Abolitionism is a legal pitfall that just keeps getting deeper. The threat of legal action, alongside the stigmatization and marginalization stemming from criminalization, not only render sex workers more vulnerable to physical and sexual violence, but discourage them from reporting instances of abuse. As law enforcement officials have repeatedly partaken in the violence experienced by prostitutes, even in countries where performing sex work itself is not criminalized, such as Hong Kong, sex workers lack official support mechanisms they can trust and turn to when trapped in these cycles of abuse. Transgender female sex workers – whose situation is neglected by the heteronormative and cisgender lens applied by the abolitionist analysis – are disproportionately targeted by violent behavior, and their stigmatization is exacerbated by the intersection of their profession and their identity, as is the case of other minority sex workers, such as immigrants, people of color, and other LGBTQ+ individuals. Beyond the direct mistreatment experienced by prostitutes, the criminalizing measures endorsed by abolitionism, contribute to an ongoing health crisis among sex workers: according to the World Health Organization, sex workers are more likely to suffer from sexually transmitted diseases and blood-borne infections, with female prostitutes being around 30 times more likely to be living with HIV than other women of reproductive age.
That was only a brief summary.
An increasing number of organizations, including Amnesty International, the Global Alliance Against Traffic in Women, the American Civil Liberties Union, the World Health Organization, and Human Rights Watch have called for the decriminalization of sex work. Their stance, unlike that of the many progressive governments endorsing abolitionism, comes from years of extensive research into current legislation across the globe and the implications of existing approaches. Regardless of whether one agrees with the theoretical version of abolitionism or not, one ought to wonder why, despite being faced with the overwheling weight of the reality of abolitionism, liberal politicians continue to support it.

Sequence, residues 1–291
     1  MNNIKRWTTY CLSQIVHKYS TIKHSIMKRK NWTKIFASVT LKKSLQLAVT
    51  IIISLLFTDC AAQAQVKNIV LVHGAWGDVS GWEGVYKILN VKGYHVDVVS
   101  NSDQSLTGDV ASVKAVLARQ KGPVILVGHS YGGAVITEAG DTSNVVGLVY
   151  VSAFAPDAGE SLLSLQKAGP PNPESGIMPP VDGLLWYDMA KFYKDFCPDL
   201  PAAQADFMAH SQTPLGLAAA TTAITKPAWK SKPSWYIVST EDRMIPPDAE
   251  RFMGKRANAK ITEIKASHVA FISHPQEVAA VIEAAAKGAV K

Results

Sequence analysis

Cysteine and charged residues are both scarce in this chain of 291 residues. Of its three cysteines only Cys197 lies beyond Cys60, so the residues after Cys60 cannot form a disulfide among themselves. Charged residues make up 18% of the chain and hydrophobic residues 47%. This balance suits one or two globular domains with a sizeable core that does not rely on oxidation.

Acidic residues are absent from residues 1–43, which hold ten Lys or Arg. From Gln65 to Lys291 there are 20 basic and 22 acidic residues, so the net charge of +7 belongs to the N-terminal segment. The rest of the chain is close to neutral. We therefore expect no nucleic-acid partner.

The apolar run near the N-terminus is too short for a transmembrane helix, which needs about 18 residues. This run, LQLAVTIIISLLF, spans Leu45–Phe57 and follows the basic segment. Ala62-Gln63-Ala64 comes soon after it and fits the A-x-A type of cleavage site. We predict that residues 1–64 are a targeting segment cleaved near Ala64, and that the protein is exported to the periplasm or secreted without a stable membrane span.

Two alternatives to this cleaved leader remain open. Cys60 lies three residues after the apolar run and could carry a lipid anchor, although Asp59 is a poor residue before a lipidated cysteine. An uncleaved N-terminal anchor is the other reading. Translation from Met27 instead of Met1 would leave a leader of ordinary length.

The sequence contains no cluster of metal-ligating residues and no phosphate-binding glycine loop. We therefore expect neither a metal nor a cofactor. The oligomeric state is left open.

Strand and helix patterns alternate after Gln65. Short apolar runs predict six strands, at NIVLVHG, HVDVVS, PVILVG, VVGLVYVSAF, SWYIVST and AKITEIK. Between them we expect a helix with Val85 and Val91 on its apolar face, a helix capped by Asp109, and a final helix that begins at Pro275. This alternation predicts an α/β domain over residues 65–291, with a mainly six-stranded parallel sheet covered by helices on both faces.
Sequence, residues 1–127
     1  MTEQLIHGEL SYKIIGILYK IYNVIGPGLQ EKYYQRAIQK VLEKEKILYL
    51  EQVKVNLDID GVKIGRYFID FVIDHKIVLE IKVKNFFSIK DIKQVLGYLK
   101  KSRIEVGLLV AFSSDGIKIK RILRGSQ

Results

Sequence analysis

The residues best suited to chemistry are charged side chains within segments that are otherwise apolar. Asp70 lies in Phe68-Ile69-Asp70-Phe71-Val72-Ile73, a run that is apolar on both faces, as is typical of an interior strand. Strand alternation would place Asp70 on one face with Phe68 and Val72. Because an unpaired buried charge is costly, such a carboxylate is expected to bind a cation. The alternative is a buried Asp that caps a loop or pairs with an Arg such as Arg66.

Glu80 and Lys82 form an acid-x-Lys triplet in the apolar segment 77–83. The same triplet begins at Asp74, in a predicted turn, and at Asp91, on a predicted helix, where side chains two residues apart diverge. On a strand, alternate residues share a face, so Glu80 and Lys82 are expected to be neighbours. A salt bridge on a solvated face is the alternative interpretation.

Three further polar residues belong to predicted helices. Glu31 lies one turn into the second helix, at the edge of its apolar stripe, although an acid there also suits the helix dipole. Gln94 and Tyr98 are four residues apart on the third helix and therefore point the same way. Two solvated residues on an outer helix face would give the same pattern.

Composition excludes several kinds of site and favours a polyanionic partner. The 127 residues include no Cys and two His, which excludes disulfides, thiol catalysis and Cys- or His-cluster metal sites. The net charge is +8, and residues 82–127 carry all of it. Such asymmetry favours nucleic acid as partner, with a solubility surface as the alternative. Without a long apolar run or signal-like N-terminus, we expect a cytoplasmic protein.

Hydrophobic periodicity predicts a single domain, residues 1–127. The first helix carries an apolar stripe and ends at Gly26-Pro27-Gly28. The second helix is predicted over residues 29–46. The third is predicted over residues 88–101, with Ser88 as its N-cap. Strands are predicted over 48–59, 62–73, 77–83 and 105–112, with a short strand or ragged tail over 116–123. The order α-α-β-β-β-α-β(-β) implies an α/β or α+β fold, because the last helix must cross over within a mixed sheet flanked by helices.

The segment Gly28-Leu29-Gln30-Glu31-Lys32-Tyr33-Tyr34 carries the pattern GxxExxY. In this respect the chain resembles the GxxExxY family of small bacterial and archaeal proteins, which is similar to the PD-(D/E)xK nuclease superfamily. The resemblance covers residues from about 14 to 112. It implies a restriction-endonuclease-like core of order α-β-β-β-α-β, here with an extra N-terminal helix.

Is it the legacy of the historical vilification of sexual women? The reminder that sex, the element used to oppress women, the element which could never be fully controlled by men, is still something women will always be able to weaponize, to grant and hold back at their own will?Is it the shattering of the romantic myth? Our own animal nature bursting open before us, pointing at the fact that sex is merely a physical act with no intrinsic meaning and that the Disney tutu we have tried to force it into is ripping at the seams? Is it the capitalist nightmare bearing its teeth? The idea that if we accept that sex can be sold we will actually be recognizing that our entire system demands us to give our own selves up for survival? Is it the madonna fighting the whore on the floor? The patriarchal understanding of femininity still lurking behind the sexual revolution’s glow, determining by how much women can break out of the mold? Is it the monopolized version holding its breath? The fear that if we continue to analyze sex work we will come to realize that monopolized prostitution has existed for centuries, that marriage was a contractual economic agreement women had to enter in order to subsist? The gods up in the sky telling us right from wrong, sex still dripping impurities on the kitchen floor?
I do not know. And yet, looking down at my underwear, my legs almost crossed, I know that my vagina is not solely my own.